When learning how to write a novel, it's important to break it down step by step. The most critical part of your novel is the first chapter—which, coincidentally. Novel Writing Made Simple. Tools, rules and notions that'll show you how to start, how to finish and where to send your manuscript. * * * by. Gordon A. Kessler. This book is different from many other 'how to write' books because it reverses the . There seem to be so many different kinds of writing: novels, poems, short.
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If you want to learn how to write a novel, we've come up with a step-by-step guide that will help you through your journey. These are just suggestions offering. How to write a damn good novel (vol 2). Pages·· MB·2, Downloads. pathy for a character like, say, Defoe's Moll Flanders, or Dickens's. Fagin in. PDF Drive is your search engine for PDF files. As of today we have 77,, How Not to Write a Novel: Classic Mistakes and How to Avoid Them-.
What do you want your reader to learn from your book, and how will you ensure they learn it? Imagine engaging a mentor who can help you sidestep all the amateur pitfalls and shave years of painful trial-and-error off your learning curve. Ideally, you want to schedule at least six hours per week to write. Well, there are worse things, but you know what I mean. You can even make the how-to project look impossible until you pay off that setup with your unique solution. You can do this—and more quickly than you might think, because these days you have access to more writing tools than ever.
I recommend a regular pattern same times, same days that can most easily become a habit. Having trouble finding the time to write a book? You have to make it.
Something in your calendar will likely have to be sacrificed in the interest of writing time. Never sacrifice your family on the altar of your writing career. Many writers insist they have no time to write, but they always seem to catch the latest Netflix original series, or go to the next big Hollywood feature.
They enjoy concerts, parties, ball games, whatever. How important is it to you to finally write your book? What will you cut from your calendar each week to ensure you give it the time it deserves? To ensure you finish your book, set your own deadline—then consider it sacred. Now determine—and enter in your calendar—the number of pages you need to produce per writing session to meet your deadline. If it proves unrealistic, change the deadline now. If you have no idea how many pages or words you typically produce per session, you may have to experiment before you finalize those figures.
Divide by 50 weeks accounting for two off-weeks , and you get eight pages per week. Now is the time to adjust these numbers,while setting your deadline and determining your pages per session. Or you know your book will be unusually long. Change the numbers to make it realistic and doable, and then lock it in. Remember, your deadline is sacred. I quit fretting and losing sleep over procrastinating when I realized it was inevitable and predictable, and also that it was productive.
Maybe it was at first. If you have to go back in and increase the number of pages you need to produce per session, do that I still do it all the time. Have you found yourself writing a sentence and then checking your email? Writing another and checking Facebook? Then you just have to check out that precious video from a talk show where the dad surprises the family by returning from the war.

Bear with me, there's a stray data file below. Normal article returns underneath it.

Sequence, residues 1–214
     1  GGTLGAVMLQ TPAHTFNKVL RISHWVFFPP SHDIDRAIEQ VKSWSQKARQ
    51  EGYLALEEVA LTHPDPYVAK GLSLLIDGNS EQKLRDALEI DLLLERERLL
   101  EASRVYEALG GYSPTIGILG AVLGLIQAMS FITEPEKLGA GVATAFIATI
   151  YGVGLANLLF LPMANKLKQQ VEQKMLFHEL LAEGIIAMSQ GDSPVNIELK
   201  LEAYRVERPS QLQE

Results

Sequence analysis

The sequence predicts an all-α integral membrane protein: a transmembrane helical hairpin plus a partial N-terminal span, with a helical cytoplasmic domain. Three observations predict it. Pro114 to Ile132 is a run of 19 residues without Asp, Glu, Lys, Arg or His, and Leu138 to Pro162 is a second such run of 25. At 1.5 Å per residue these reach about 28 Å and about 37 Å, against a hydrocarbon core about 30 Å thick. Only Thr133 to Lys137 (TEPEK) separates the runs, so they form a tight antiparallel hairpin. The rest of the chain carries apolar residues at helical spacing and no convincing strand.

That leads to more and more of the same. Look into these apps that allow you to block your email, social media, browsers, game apps, whatever you wish during the hours you want to write. Some carry a modest fee, others are free. Your details and logic and technical and historical details must be right for your novel to be believable.
The last thing you want is even a small mistake due to your lack of proper research. Your credibility as an author and an expert hinges on creating trust with your reader.
That dissolves in a hurry if you commit an error. Talk back to yourself if you must. It may sound silly, but acknowledging yourself as a writer can give you the confidence to keep going and finish your book. Not you-first, not book-first, not editor-, agent-, or publisher-first. Certainly not your inner circle- or critics-first. When fans tell me they were moved by one of my books, I think back to this adage and am grateful I maintained that posture during the writing.
So, naturally, you need to know your reader. Rough age? General interests? Attention span? When in doubt, look in the mirror. The surest way to please your reader is to please yourself. Write what you would want to read and trust there is a broad readership out there that agrees. Oh, it can still change if the story dictates that. But settling on a good one will really get you off and running.
Great opening lines from other classics may give you ideas for yours. In a novel, if everything is going well and everyone is agreeing, your reader will soon lose interest and find something else to do—like watch paint dry.
Are two of your characters talking at the dinner table? Have one say something that makes the other storm out.
Some deep-seeded rift in their relationship has surfaced. Thrust people into conflict with each other. Check out some of the current bestselling nonfiction works to see how writers accomplish this. Tension is the secret sauce that will propel your reader through to the end. Many of us are perfectionists and find it hard to get a first draft written—fiction or nonfiction—without feeling compelled to make every sentence exactly the way we want it.